Liberia's significant gender inequalities are further manifested as highlighted by its score of 0.648 in the 2021 Gender Inequality Index (GII), ranking 164th out of 170 countries assessed by the United Nations Development Programme (UNDP) (UNDP, 2021/2022). This score reflects disparities between men and women in various aspects of life, including health and education. Maternal mortality remains alarmingly high at 661 per 100,000 live births (World Health Organization, 2019), and the adolescent birth rate stands at 128 per 1,000 girls aged 15-19 (UNFPA, 2023). These figures paint a stark picture of the challenges faced by Liberian women and girls.

The legacy of conflict also continues to cast a long shadow, with survivors of Gender-Based Violence (GBV) still in need of justice and healing. Addressing these issues is crucial for achieving gender equality and promoting sustainable development in Liberia. These grim realities are rooted in systemic inequalities. Lack of access to land ownership, economic and financial resources, healthcare, and skills development further limits women's ability to thrive. 

To accelerate progress on investing in women in Liberia, both national and global priorities must align with the overarching theme of International Women's Day. At the national level, concerted efforts are needed to address the root causes of gender inequality and empower women across all sectors of society. Globally, partnerships and solidarities are essential for advancing the agenda of women's empowerment in Liberia.

UNDP Liberia is committed to gender equality and women’s empowerment at all levels. Through collaborations between the Government of Liberia, civil society organizations, and the private sector, UNDP paves the way for increased investment in women and influences across various sectors. Measures implemented through projects such as the Liberia Elections Support Project (LESP), Rule of Law and Spotlight Initiative Projects, Growth Accelerator, and the Accelerated Community Development Program (ACDP) are deliberate efforts by the Government and UNDP to demonstrate tangible investment towards gender equality and women's empowerment.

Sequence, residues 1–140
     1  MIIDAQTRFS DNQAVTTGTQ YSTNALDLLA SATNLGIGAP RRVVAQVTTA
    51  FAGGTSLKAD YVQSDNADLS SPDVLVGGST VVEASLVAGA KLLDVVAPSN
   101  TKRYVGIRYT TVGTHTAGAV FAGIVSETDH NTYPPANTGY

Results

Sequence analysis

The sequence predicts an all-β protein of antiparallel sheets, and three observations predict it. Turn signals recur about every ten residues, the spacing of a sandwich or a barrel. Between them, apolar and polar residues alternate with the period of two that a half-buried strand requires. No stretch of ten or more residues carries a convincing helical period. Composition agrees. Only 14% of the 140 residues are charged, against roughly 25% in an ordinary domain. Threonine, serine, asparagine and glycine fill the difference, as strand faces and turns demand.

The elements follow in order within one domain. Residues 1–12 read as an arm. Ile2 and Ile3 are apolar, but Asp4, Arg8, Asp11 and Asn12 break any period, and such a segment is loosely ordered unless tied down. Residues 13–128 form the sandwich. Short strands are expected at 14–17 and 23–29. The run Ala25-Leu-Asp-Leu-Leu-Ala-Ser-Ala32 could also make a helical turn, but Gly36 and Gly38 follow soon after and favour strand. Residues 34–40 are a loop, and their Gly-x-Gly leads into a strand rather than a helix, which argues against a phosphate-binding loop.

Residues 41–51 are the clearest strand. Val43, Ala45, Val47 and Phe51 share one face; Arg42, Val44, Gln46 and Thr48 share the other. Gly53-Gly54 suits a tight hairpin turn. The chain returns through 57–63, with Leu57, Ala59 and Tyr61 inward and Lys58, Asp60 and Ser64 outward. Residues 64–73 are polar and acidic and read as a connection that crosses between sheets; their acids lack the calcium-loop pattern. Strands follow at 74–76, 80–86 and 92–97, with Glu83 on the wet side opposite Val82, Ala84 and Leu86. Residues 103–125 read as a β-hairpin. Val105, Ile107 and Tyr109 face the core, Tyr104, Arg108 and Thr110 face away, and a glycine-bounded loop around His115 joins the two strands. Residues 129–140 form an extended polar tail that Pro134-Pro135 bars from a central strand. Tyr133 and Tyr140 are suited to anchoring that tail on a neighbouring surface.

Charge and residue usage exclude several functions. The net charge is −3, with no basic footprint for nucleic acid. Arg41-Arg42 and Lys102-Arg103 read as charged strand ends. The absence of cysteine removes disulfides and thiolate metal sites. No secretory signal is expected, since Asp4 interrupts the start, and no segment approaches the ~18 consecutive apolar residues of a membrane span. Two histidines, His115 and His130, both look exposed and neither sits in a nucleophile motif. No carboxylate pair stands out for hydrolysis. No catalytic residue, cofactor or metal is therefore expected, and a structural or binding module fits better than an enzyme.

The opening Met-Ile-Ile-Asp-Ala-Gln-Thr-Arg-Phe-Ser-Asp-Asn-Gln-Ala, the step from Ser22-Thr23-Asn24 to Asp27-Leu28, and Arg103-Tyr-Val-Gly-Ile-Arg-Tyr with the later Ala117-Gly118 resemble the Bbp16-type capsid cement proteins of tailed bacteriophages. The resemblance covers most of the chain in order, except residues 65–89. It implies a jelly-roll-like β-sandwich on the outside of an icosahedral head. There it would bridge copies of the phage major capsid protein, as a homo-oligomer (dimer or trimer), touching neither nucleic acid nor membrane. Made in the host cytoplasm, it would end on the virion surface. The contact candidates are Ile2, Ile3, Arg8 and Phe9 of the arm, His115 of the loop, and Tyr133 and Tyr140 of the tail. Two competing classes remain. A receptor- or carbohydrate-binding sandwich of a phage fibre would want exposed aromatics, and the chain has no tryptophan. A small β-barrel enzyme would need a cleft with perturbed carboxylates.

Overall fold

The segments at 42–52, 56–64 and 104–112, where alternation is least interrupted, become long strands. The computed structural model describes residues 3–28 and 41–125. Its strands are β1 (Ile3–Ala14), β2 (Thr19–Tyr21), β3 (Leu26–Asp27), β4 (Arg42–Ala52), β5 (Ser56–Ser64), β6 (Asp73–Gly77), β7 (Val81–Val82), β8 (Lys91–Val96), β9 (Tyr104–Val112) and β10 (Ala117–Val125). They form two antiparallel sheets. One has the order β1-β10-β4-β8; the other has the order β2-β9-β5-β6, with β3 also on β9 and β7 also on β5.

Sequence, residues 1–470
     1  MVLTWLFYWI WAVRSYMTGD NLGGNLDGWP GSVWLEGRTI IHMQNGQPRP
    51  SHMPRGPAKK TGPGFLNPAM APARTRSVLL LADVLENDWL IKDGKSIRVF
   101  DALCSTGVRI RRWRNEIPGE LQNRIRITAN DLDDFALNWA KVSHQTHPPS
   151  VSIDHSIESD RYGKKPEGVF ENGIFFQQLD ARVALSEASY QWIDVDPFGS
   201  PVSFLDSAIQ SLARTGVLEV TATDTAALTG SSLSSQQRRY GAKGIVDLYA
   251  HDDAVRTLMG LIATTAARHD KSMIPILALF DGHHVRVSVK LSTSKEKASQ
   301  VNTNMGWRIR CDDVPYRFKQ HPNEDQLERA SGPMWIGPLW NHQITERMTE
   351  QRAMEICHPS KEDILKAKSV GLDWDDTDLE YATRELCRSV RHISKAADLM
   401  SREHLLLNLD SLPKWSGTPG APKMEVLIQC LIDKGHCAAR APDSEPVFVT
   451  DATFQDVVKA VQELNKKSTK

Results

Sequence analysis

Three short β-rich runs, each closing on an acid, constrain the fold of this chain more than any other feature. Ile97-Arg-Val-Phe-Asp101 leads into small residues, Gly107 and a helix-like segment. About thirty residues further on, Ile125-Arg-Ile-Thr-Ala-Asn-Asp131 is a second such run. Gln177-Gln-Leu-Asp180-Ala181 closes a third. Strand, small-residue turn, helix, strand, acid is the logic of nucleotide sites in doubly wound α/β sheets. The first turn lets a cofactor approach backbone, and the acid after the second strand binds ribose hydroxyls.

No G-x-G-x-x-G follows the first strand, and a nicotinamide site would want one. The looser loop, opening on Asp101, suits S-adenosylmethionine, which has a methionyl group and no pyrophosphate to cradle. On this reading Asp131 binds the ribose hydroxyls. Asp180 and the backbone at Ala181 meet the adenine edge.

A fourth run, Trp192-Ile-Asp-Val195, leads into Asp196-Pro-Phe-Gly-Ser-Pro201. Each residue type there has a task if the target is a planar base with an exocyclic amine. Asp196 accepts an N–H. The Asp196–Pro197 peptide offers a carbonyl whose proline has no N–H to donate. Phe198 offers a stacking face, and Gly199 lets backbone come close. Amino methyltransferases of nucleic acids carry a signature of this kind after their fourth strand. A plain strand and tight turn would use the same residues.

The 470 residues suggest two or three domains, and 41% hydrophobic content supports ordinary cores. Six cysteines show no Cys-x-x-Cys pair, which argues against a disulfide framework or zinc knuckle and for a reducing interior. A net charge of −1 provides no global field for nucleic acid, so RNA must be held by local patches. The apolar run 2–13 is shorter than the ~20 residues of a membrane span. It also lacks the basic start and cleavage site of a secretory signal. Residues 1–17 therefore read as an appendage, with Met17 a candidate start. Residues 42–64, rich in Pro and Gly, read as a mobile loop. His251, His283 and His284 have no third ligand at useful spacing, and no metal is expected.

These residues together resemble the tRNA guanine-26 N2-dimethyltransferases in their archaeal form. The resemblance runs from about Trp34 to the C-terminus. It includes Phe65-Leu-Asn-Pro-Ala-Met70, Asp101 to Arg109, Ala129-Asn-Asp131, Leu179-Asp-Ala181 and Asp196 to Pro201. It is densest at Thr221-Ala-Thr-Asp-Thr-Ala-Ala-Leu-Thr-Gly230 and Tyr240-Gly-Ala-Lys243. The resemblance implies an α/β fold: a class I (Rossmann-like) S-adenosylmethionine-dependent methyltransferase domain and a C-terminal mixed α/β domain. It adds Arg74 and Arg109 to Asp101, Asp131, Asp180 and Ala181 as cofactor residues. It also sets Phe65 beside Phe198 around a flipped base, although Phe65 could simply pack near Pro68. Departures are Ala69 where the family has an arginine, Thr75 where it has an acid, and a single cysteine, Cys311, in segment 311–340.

Investing in women is not just about numbers, it's about unlocking human potential. When women lead businesses and participate in policymaking, Liberia's economy, and governance are bound to flourish.

Investing in women in post-conflict countries such as Liberia is not only a moral imperative but a strategic necessity for accelerating progress toward peace, stability, and sustainable development. By empowering women economically, politically, and socially, we can unlock their potential as change agents and drivers of progress within their communities towards a future equal nation. The dividends of this investment will be felt far and wide, transforming societies and shaping a more just, equitable, and prosperous future for all. 

As we celebrate International Women's Day, let us renew our commitment to investing in women and harnessing their power to accelerate progress in every society; a call we are committed to. It is important to recognize the efforts of past administrations and the new administration in empowering women through political appointments, but it is the conviction of society that more can be done. 

The Government of Liberia through the President has appointed more than thirty (30) women in positions of trust to serve their country. This is highly commendable and serves as a good entry point for positioning women in leadership to contribute to nation-building and sustainable development.

By: Louis Kuukpen- UNDP Liberia Resident Representative a.i